In 1955, Lockheed Skunkworks selected Groom Lake aka Area 51, the name provided by a grid map, as an ideal location for testing of u-2 high altitude spy plane as it came off the drawing boards. The dried lakebed made an ideal airstrip and its remote location surrounded by the Nevada Test Site, would help prevent spying. National Geographic provides a good overview in "Area 51 Declassified," of early days there, which can be appreciated by anyone old enough to realize how long the facility remained unknown.
"In only three months a 5,000-foot...runway was constructed and was serviceable by July 1955. The Ranch [Area 51] received its first U-2 delivery on 24 July 1955 from Burbank on a C-124 Globemaster II cargo plane, accompanied by Lockheed technicians on a Douglas DC-3 The first U-2 lifted off from Groom on 4 August 1955. A U-2 fleet under the control of the CIA began overflights of Soviet territory by mid-1956," according to Wikipedia.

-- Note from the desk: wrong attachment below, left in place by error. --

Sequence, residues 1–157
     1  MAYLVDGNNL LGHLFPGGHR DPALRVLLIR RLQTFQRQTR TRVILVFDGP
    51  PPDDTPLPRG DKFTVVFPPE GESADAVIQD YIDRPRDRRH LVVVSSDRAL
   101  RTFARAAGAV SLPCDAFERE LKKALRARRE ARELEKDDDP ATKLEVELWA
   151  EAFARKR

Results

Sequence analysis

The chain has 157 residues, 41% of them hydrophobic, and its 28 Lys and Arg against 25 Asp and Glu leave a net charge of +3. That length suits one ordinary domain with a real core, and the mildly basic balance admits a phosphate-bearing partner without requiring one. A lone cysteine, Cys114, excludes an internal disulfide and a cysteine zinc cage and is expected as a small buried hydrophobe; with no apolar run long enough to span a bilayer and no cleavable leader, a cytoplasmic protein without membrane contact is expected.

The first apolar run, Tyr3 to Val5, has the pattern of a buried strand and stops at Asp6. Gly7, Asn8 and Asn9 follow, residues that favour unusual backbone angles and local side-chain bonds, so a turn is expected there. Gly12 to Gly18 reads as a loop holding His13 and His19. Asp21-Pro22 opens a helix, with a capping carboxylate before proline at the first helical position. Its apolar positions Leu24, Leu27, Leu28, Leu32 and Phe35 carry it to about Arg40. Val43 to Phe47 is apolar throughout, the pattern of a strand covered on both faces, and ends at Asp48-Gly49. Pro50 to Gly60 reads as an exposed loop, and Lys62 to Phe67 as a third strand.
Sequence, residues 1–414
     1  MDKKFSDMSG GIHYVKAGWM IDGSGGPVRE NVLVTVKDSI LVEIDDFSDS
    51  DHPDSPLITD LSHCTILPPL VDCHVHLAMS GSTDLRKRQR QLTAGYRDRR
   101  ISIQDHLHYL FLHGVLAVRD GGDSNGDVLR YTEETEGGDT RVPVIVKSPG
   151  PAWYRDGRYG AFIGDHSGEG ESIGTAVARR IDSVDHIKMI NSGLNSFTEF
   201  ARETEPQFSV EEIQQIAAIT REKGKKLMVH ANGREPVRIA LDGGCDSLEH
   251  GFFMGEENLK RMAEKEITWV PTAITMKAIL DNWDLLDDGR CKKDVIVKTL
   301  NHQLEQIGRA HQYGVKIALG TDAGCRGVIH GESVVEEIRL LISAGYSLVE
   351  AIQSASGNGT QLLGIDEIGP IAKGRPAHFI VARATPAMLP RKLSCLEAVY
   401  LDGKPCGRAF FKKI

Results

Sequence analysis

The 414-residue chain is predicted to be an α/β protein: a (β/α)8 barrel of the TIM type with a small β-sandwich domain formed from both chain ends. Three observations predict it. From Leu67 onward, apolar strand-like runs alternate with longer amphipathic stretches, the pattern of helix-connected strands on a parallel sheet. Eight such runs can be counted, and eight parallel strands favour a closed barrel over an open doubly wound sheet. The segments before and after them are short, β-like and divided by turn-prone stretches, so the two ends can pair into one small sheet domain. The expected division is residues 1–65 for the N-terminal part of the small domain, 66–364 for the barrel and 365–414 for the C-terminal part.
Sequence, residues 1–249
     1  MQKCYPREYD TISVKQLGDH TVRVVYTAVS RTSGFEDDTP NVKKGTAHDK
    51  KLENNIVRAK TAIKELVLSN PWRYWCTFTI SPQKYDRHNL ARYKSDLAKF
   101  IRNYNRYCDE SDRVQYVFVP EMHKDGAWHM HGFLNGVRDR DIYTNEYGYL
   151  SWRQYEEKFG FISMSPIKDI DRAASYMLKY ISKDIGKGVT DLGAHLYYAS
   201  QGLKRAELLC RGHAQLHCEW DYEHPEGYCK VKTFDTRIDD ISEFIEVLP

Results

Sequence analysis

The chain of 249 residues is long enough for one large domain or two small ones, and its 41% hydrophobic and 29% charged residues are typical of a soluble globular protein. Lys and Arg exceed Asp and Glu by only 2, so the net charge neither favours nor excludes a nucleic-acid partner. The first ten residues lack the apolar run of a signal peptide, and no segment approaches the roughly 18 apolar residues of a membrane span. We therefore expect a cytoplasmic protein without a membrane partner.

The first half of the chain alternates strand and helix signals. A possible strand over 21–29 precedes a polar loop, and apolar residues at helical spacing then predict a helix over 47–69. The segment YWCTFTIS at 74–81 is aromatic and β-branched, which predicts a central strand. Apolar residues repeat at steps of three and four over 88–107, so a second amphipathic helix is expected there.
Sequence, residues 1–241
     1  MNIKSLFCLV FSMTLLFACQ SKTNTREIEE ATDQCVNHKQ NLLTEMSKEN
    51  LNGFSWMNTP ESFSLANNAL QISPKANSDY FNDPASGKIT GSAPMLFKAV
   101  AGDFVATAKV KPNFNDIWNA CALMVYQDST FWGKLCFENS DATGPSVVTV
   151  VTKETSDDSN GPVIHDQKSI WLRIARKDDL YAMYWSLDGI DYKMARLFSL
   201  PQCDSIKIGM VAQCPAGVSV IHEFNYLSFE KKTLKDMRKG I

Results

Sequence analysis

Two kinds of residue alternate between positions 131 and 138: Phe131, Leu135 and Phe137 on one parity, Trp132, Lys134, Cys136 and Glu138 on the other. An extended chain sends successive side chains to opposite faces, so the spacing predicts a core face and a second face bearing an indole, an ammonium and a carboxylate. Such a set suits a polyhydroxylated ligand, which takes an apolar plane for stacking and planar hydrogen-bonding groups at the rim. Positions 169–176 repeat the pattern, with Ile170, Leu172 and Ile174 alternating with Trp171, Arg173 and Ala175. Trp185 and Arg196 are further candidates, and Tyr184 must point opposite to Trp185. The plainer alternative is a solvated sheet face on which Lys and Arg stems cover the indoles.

In 1960, the A-12 designed to replace the U-2 also known by code name OXCART, required significant expansion to the facility. A longer airstrip and new hangars were built to accomodate the first stealth plane. "The first OXCART was covertly trucked to the base in February 1962, assembled, and it made its first flight 26 April 1962...The A-12 would remain at Groom Lake until 1968 and occasionally deployed to other United States bases overseas. The SR-71 Blackbird, by contrast, first flew at Palmdale, California in December 1964, and Palmdale and Edwards AFB served as the primary operation sites for that model until Beale Air Force Base became active in early 1966." according to Wikipedia's Groom Lake entry, again.
One criticism of National Geographic's hour long documentary, is, it's little more than a collection of "old codgers" who are boring to watch. The present writer believes information on U-2 and A-12 programs in early days of Area 51, outweighs its shortcomings and well worth anyone's time.